In my experience, the prohibitions on “hostile work environment” and “harassment” are some of the most misunderstood by individuals not in the legal field. Unlike many areas of law where archaic latin terms are used to describe legal ideas (“mens rea” or “habeus corpus” anyone?), both of these take normal everyday words and press them into service as specific legal terms. Therefore, while we can all understand when someone is feeling harassed or that their workplace is hostile, determining when legal rights have been violated is far more complex. Hit the jump for a look at four (count ’em four!) cases that investigate the gamut of “hostile work environment” and “harassment” law.
The firs thing that many people are surprised to learn is that it is not just enough for a supervisor to be a jerk to create a legal claim. Both “harassment” and “hostile work environment” spring from laws prohibiting discrimination, and therefore they only apply to the “protected categories” where discrimination is barred. The categories protected by the federal Civil Rights Act of 1964 are race, color, religion, national origin, age, and sex. Additionally, the Age Discrimination in Employment Act and the Americans with Disabilities Act have included age and disability status, respectively, as protected classes. Therefore, legal action is available only if your supervisor is creating a “hostile work environment” because of one of these protected classes (and you can prove it).
Often, to bring a claim, the actions that support the claim must be overtly discriminatory, such as the allegations from a recent New York federal court decision. See Pierce v. Gareb Shamus Enter., Inc., 2013 U.S. Dis. LEXIS 47607 (E.D. N.Y. 2013) (hat tip to the Employment & Labor Insider for bringing this case to my attention). In Pierce, the court reviewed 13 different circumstances where the plaintiff was referred to as an “old guy” who was not “hip or cool” and was “too old to understand” pop culture or technology. While the court specifically noted that no single one of these situations alone would be sufficient to claim discrimination, the totality of the evidence over the years showed a practice that could be sufficiently “continuous and concerted” to rise to the level of a hostile work environment. Therefore, the court allowed the plaintiff to take his claims to trial.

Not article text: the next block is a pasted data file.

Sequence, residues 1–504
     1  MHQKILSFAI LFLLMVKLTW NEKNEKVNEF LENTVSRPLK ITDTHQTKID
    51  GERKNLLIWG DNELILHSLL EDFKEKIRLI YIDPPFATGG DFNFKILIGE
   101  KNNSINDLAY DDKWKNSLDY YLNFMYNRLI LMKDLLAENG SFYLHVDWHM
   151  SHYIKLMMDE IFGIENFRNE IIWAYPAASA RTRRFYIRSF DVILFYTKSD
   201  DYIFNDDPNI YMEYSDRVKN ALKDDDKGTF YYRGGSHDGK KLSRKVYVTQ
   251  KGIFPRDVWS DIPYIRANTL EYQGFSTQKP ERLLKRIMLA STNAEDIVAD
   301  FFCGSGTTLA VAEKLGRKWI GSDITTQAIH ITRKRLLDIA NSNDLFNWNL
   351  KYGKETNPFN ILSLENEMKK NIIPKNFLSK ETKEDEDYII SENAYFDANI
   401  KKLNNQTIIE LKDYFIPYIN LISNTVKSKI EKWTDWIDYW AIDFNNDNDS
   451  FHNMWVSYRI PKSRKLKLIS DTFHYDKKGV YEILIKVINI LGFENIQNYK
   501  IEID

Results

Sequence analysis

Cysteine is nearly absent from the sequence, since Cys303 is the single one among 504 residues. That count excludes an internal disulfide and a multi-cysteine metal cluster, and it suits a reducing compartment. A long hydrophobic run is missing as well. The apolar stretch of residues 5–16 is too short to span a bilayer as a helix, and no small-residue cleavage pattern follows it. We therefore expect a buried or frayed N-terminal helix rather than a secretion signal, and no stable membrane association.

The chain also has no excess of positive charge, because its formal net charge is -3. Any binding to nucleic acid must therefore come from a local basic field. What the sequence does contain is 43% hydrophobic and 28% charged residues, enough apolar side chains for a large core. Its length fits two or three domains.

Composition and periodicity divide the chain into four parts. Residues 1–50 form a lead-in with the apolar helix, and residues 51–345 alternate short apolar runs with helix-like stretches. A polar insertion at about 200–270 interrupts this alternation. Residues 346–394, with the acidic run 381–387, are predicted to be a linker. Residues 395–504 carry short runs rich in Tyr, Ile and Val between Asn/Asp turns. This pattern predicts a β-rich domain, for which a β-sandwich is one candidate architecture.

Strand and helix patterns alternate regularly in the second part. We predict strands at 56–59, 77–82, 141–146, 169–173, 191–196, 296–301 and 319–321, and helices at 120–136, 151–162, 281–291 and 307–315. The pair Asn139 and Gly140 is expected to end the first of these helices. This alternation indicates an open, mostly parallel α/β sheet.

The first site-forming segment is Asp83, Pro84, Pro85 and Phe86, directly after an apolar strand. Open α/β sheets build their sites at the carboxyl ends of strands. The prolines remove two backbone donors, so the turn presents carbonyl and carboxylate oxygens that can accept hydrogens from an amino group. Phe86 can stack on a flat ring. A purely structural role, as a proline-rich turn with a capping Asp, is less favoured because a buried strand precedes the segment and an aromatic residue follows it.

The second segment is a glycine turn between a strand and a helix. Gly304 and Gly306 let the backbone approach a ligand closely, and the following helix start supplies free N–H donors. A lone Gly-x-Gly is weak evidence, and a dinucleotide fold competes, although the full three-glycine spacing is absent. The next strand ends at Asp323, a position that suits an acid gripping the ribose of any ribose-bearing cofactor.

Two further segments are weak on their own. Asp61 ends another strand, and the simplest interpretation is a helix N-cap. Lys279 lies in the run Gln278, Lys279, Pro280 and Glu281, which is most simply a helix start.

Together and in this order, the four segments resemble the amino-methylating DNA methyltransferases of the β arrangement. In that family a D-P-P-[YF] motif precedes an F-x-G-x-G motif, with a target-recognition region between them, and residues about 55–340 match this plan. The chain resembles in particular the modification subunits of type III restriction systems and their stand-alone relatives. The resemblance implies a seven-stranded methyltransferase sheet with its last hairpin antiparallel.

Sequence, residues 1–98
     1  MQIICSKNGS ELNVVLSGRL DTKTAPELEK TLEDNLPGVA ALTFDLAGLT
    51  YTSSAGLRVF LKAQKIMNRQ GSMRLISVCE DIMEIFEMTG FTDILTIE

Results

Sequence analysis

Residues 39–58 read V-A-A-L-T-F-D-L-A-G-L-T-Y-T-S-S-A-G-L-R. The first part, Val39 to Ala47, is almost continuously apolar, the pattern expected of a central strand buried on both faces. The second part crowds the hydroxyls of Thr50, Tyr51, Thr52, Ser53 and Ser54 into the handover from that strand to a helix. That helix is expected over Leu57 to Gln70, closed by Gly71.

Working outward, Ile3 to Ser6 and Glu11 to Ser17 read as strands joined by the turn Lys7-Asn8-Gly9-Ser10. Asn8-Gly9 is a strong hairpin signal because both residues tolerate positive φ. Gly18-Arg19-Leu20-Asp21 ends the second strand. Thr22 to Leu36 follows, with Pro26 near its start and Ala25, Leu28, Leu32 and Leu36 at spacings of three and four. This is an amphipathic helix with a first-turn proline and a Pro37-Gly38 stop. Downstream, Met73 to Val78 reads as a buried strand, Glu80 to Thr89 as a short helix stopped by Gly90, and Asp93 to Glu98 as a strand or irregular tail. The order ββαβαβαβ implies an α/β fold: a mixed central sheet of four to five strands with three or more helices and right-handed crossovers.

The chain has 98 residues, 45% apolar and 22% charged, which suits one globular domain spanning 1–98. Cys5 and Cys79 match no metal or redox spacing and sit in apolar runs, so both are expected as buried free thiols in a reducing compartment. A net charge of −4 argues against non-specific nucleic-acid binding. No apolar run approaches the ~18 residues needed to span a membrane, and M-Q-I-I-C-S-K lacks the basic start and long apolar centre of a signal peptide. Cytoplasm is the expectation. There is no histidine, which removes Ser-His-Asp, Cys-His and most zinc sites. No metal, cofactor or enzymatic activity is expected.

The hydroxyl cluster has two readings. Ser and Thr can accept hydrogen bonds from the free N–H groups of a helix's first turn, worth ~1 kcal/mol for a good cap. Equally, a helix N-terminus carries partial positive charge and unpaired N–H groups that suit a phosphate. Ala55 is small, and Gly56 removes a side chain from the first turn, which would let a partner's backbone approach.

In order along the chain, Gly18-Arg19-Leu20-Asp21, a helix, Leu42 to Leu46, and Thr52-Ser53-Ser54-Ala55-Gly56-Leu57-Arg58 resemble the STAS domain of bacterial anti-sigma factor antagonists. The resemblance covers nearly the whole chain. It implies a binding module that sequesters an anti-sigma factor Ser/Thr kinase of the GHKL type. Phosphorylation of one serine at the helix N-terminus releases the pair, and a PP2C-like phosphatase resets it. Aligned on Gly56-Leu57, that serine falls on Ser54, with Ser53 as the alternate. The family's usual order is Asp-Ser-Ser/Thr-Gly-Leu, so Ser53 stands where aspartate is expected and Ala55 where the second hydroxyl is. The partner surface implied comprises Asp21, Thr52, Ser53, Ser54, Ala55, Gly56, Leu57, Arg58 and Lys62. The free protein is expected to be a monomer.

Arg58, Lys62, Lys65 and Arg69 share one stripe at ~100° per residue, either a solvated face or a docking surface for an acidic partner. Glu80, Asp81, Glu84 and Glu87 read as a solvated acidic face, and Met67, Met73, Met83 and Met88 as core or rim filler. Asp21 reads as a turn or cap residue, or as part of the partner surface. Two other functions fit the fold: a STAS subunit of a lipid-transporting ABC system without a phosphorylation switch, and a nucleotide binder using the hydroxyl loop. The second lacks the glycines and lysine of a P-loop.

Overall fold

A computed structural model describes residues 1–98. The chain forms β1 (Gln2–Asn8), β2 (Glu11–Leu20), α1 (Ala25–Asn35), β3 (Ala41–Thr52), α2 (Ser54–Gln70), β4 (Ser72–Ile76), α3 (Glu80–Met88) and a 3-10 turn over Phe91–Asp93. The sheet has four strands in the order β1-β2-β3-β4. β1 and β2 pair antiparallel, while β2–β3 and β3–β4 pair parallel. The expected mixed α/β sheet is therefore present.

While the statements in Pierce were all directly related to his protected class, that need not necessarily be the case so long as the rationale behind the statements or actions is related to a protected class . See Hall v. Chicago, 713 F.3d 325 (7th Cir. 2013) cert. denied, 538 U.S. 999 (2013) (hat tip to Employment Law Matters). In Hall, a female plumber alleged that her supervisor created a hostile work environment based on her gender. The division that the plumber worked in was composed of 17 other male plumbers and one female secretary. From the first day of her work, she was segregated from the other plumbers and given menial tasks to complete, including repeatedly filing the same set of papers and watching a set of videos over and over again. Additionally, her supervisor prohibited any of her coworkers from speaking to her and verbally reprimanded individuals who associated with her. While the court noted that most of the conduct alleged did not have a gender-specific aspect, they relied on a few instances of statements by the supervisor relating to slapping “that woman” to determine that the entire course of conduct could be found to be motivated by gender. Therefore, a hostile work environment claim can be made even on non-explicitly discriminatory behavior as long as it can be linked to one of the protected classes.